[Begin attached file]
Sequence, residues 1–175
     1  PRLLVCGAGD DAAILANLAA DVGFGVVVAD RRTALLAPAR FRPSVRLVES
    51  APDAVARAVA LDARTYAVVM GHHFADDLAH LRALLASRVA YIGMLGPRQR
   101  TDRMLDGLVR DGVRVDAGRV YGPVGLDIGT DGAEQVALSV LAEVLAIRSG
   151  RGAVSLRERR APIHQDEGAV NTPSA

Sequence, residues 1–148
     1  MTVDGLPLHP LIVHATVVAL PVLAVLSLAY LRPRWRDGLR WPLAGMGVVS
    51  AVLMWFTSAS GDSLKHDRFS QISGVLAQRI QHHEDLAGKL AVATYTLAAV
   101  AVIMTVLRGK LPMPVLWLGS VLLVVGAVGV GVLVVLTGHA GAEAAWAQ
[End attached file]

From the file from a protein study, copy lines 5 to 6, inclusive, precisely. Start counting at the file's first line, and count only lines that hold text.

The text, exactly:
   151  RGAVSLRERR APIHQDEGAV NTPSA

Sequence, residues 1–148